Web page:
Wine & Weed Symposium Explores Joint Issues | Wine Enthusiast
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Wine & Weed Symposium Explores Joint Issues

Similarities and disconnects between two California crops—grapes ($5 billion annually) and cannabis (an estimated $7 billion annually)—dominated discussions at the Santa Rosa, California Wine & Weed Symposium. More than 400 people attended Thursday’s event, with about half the participants drawn from the wine industry.

Wine professionals, including Dan Goldfield, co-founder of Dutton-Goldfield Winery in the Russian River Valley, came for a greater understanding of how their world interacts with the parallel universe of cannabis. “What I love about my business is being involved in my neighborhood. I want to know what’s going on,” Goldfield said, without any further explanation.

Crushing Dreams

“Lawyers like to crush dreams,” said Rebecca Stamey-White of Hinman & Carmichael LLP, a law firm specializing in the alcoholic beverage, hospitality and cannabis industries. She outlined the no-go zone between the wine and cannabis businesses: Wine and cannabis cannot be produced on the same licensed premises, and cannabis licensees cannot sell alcoholic beverages.

“I’ll give you free legal advice: If you have a TTB bond, don’t bring on cannabis,” she said, apparently crushing the hopes of dozens of mom-and-pop vintners.

When a reporter asked why they were attending the symposium at the Hyatt Vineyard Creek Hotel, some people from wineries turned their badges around so they could not be identified. Most just walked away and wouldn’t respond.

Another person who wouldn’t answer any questions was wearing a badge that said she was from the Alcohol and Tobacco Tax and Trade Bureau, attending the Wine & Weed Symposium to observe.

California Provides 60 Percent of Pot Produced in United States

“We have more wineries than anyone else in America, more craft beer and more cannabis,” California State Senator Mike McGuire told the crowd at the Hyatt Vineyard Creek hotel. He added 60 percent of the cannabis produced in the United States comes from his seven-county district in the North Bay/North Coast. He expects to see cannabis tourism, already a success in Colorado, take hold shortly.

Vendors at the Wine & Weed Symposium. Photo courtesy of Wine Industry Network.

But the cannabis business, while it may not cannibalize the wine business, is making life more difficult for growers.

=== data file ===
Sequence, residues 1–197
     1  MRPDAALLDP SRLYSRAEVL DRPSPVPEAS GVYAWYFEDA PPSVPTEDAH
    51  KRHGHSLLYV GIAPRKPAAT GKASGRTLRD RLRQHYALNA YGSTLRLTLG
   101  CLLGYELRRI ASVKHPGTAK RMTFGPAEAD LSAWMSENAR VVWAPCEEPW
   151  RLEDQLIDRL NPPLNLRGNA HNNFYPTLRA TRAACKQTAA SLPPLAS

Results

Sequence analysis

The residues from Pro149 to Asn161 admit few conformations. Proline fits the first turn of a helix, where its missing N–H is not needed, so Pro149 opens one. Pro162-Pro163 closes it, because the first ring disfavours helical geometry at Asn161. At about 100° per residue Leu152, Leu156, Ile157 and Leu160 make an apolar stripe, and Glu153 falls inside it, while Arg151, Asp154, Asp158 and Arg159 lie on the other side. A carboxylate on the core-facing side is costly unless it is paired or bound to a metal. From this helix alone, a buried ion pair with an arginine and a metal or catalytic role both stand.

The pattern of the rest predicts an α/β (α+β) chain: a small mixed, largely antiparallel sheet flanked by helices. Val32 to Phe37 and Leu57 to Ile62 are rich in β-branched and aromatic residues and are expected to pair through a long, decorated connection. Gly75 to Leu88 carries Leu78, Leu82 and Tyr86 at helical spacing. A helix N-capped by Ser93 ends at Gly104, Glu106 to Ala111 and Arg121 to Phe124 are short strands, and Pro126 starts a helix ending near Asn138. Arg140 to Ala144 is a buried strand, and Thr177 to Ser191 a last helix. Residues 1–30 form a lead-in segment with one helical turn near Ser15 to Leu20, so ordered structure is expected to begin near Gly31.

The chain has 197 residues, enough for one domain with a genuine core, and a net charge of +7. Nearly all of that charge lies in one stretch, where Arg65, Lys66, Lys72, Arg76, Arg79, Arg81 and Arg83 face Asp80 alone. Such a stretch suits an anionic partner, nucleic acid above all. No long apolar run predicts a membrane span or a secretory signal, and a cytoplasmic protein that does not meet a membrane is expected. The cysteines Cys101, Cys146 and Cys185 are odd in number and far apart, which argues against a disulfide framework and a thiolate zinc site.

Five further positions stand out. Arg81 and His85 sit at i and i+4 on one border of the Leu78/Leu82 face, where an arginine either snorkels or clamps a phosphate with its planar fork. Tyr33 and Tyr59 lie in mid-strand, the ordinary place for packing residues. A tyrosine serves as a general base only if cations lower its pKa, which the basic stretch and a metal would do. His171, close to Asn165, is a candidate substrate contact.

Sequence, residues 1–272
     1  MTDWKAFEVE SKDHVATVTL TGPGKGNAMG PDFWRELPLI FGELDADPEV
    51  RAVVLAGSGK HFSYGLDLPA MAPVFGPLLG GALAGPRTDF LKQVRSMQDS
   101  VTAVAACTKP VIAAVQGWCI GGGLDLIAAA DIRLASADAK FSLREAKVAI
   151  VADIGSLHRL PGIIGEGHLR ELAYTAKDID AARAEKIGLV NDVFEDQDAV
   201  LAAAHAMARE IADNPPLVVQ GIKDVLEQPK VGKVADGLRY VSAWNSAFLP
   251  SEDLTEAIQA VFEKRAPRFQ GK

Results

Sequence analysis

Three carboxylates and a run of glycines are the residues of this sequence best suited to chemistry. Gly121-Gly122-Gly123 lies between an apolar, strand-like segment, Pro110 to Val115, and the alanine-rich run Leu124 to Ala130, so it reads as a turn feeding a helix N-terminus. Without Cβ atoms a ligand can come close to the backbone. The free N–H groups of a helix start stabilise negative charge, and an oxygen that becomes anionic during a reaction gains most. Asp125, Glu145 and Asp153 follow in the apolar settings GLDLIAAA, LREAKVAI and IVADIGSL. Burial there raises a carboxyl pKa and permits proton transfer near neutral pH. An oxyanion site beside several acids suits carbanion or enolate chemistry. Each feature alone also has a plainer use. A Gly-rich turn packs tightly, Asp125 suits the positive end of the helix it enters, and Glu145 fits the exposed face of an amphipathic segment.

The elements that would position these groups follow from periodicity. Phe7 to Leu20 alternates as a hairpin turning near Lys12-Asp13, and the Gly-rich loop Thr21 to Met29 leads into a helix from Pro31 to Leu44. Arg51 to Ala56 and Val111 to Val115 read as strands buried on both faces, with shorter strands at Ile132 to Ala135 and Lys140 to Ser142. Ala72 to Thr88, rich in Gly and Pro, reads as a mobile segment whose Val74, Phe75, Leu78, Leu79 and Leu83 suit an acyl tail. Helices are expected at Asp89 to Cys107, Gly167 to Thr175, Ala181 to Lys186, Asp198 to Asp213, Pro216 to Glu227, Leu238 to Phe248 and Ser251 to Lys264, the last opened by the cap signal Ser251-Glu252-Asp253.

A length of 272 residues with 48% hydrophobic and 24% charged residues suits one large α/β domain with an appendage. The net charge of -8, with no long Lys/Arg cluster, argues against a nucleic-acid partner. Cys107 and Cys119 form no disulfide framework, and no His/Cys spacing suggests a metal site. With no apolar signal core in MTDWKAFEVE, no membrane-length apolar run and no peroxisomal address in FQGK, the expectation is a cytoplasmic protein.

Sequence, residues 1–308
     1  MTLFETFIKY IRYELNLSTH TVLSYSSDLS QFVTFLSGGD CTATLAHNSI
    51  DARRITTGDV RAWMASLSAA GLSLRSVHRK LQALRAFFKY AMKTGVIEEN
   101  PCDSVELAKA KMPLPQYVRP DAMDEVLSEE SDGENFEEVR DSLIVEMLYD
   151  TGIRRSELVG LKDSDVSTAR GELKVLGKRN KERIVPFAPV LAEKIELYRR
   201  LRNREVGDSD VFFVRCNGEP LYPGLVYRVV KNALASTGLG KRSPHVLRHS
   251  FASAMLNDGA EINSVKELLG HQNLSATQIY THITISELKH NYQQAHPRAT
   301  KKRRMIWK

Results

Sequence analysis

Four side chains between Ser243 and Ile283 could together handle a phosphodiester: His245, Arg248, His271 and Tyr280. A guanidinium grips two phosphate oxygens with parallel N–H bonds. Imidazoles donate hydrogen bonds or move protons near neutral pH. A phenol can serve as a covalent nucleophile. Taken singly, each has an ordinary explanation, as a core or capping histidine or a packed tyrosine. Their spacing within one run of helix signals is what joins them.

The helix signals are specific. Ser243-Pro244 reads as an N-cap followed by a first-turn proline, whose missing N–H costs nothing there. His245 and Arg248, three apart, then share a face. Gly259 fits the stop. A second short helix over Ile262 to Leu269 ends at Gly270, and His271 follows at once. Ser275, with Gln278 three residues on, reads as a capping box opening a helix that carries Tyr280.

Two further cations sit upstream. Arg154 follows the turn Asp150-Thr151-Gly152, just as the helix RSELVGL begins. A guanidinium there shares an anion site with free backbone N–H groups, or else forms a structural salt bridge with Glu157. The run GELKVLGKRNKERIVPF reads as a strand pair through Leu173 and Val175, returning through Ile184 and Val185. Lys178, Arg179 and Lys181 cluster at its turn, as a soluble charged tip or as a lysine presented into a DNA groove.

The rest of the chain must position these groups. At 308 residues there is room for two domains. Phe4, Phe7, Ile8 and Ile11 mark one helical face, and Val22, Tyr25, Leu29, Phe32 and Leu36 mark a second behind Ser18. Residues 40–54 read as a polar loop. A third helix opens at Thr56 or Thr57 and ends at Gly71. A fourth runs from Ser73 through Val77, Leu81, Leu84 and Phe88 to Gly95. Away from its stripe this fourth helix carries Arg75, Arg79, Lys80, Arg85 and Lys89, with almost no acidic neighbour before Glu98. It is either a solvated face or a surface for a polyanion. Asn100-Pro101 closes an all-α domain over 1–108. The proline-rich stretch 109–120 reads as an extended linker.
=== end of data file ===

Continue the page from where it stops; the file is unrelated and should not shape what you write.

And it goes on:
Tom Rodrigues, owner/winemaker at Maple Creek Winery and Artevino Wines, recalled a recent harvest in Mendocino, where workers earned $185 to $200 per ton for picking grapes in the hot fields, and $180 to $200 per pound to trim bud in the air-conditioned greenhouses. “The workers went inside.”

But the pot market is already dealing with oversupply and thin profit margins, said Hezekial Allen, executive director of the cannabis producers’ trade group, the California Growers Association. He estimated seven out of 10 small growers will have to remain criminal or go out of business because of the expense in meeting regulatory requirements.

Meanwhile, the federal government continues to classify marijuana as a controlled substance with a mandatory minimum sentence of five years for the cultivation of fewer than 50 plants. It also means that banking is impossible for producers or retailers. It is a cash business, which means payroll, accounts payable, and any other routine operation that requires a check becomes a grueling task.

Some wine suppliers have found a silver lining from the weed business. “Wine and cannabis are high-end, luxury products,” said Jeff Stone, who works for two labeling companies. One company, Vintage 99 Label, deals solely with vintners such as Francis Ford Coppola Winery. The other business, Label Innovators, makes labels for everything else: Beer, spirits, olive oil and cannabis.

At Label Innovators, “Cannabis went from zero to 10 percent of sales over the past two years,” said Stone. The two companies share the same people and the same presses, but cannabis is taxed differently than wine.

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